Linking Ideas to Impact

The Office of Licensing & Ventures (OLV) is the licensing and new venture creation arm of Duke University and the Duke University Medical Center. It's where Duke innovations meet industrial, entrepreneurial, legal and investment markets to create the partnerships necessary to create value and benefit society.

Featured Technology:

Medical Imaging Simulation using Computational Phantoms

Using state-of-the-art computational modeling techniques, Paul Segars, PhD, developed a series of computerized phantoms that realistically model the human anatomy and cardiac and respiratory motions for medical imaging research. These phantoms, which include both genders, and varying ages, heights, and weights from infancy to adulthood, can serve as a population with which to perform virtual clinical trials in medical imaging. The phantoms are used in our research and by researchers around the world to quantitatively evaluate and improve imaging devices and techniques, optimizing them to produce diagnostic quality images at the lowest possible dose to the patient.
Learn more.

Featured Technology:

Genome Engineering in Skeletal Muscle

The Gersbach lab develops new methods to manipulate the genome for a wide variety of applications. Recent breakthroughs published in Molecular Therapy, PNAS, and Nature Methods that have been highlighted in news outlets from Science to The New York Times underscore the importance of Gersbach's accomplishments in advancing the potential for gene therapy to treat disease. Using methods including viral delivery, gene repair, and gene regulation, the Gersbach lab has successfully advanced innovative technologies like TALE- and CRISPR/Cas9-based nucleases and transcription factors to reprogram the human genome at will. The results bring the possibility of clinically useful therapies for disabling and fatal diseases like Duchenne's Muscular Dystrophy, and enable other areas such as ag/bio applications. Learn more.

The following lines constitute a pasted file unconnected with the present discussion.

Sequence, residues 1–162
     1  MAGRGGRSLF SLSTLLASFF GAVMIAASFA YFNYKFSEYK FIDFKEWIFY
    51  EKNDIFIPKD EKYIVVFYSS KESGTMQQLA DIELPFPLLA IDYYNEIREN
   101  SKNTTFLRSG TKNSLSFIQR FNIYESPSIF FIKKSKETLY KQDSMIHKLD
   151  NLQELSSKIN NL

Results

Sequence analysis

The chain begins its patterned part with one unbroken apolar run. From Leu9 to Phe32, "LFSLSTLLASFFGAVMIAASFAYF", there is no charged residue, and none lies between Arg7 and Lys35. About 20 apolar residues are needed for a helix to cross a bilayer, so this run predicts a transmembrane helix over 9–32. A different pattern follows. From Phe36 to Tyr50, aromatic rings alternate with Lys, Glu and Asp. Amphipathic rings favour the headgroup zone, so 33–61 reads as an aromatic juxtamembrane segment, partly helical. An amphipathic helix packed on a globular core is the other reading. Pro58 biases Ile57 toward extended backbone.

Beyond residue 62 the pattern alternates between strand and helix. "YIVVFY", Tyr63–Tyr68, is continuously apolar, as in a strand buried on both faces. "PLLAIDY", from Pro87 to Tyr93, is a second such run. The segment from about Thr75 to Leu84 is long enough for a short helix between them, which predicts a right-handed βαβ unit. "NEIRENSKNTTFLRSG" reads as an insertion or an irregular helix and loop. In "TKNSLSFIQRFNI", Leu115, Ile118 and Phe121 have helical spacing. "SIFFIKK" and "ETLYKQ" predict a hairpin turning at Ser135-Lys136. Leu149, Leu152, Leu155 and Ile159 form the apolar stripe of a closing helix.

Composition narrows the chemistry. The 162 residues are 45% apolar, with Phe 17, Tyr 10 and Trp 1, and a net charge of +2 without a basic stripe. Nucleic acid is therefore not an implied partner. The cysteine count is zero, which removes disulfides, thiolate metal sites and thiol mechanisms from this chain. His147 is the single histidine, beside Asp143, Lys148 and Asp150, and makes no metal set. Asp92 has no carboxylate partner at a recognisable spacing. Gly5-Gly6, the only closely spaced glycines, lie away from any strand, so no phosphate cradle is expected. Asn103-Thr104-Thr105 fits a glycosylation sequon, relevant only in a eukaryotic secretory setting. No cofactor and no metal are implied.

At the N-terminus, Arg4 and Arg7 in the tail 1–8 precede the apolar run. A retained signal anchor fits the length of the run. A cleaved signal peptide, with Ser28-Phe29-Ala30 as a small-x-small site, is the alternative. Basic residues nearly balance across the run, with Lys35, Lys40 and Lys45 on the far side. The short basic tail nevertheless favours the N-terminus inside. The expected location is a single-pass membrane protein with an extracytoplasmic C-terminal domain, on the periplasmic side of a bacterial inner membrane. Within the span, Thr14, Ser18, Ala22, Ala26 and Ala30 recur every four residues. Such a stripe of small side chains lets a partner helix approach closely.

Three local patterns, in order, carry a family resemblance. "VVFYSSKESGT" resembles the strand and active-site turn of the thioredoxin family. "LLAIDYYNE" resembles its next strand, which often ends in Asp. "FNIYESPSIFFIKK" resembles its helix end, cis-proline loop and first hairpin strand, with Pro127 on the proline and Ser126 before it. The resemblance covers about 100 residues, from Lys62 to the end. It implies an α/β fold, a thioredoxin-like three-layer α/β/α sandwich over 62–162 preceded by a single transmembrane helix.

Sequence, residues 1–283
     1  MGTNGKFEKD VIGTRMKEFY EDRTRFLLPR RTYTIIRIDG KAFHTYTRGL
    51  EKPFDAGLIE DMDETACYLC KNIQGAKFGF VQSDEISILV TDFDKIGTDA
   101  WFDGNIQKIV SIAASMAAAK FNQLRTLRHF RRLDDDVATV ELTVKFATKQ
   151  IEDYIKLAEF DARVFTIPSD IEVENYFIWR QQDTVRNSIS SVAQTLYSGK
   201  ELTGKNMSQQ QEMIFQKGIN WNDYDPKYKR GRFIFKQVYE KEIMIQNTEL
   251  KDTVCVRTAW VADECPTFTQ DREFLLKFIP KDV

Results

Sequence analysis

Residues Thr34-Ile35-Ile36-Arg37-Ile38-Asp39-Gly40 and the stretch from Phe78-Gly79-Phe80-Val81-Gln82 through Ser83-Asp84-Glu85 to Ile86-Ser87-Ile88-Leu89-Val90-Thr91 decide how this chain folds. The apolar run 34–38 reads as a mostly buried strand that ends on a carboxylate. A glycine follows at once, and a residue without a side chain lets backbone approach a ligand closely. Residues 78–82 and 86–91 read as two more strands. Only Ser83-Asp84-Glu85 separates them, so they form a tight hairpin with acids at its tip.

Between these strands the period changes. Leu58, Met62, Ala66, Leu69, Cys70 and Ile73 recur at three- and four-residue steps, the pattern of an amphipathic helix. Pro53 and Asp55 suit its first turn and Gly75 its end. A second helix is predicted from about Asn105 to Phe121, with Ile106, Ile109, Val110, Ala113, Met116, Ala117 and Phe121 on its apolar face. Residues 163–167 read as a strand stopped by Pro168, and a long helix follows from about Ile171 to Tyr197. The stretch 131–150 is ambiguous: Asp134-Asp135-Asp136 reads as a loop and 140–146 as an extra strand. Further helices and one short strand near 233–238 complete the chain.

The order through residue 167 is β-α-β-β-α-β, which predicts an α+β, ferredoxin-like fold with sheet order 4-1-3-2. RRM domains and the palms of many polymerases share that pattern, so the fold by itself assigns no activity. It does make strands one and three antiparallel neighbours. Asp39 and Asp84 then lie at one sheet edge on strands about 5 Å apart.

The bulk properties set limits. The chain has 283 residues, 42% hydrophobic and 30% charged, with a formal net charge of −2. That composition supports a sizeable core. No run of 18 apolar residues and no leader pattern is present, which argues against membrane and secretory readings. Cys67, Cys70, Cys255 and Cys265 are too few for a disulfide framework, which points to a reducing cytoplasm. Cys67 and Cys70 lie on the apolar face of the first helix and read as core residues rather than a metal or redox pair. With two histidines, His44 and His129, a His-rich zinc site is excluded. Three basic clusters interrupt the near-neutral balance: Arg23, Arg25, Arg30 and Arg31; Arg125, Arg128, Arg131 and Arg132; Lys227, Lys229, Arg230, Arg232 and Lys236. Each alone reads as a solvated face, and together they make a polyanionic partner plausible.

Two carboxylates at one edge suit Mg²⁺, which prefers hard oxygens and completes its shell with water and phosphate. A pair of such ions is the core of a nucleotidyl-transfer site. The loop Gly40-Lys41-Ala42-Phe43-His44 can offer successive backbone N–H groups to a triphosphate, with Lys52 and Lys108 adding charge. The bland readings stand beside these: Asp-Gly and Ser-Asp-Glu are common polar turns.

Featured Technology:

Radiation Dosage Measurement System using Nano Scintillators

Dr. Therien synthesizes compounds, nanoscale structures, and materials with unusual ground- and excited- state characteristics. A subset of these compositions form the basis of nanoscale detectors with a wide variety of applications including in radiation detection, in vivo imaging, and high sensitivity in vitro diagnostics. His most recent invention involving nanoscale structures for radiation detection has applications in clinical, commercial, and military dosimetry and is currently funded to perform first-in-human studies with a grant from the Coulter Translational Research Partnership and project leadership from the Duke Translational Research Institute. Dr. Therien's technology is available for licensing and is currently raising capital. Learn more.

Featured Technology:

Ophthalmic Drug Delivery Device and Methods of Use

Dr. Molly Walsh and Duke Ophthalmology's device advances to first-in-human pilot study to deliver drugs to the front of the eye. By temporarily occluding venous outflow, the device allows retrograde injection through the episcleral veins. Dr. Walsh, an ophthalmologist has developed a novel low-cost disposable device that allows physicians to easily deliver medications to the front of the eye. The device has the potential to depot drugs in the front of the eye for long-term reduction of intraocular pressure. This innovation, funded by Duke's Coulter Translational Research Partnership grant, has the potential to dramatically improve patient compliance and outcome with existing and novel therapeutics in glaucoma. Learn more.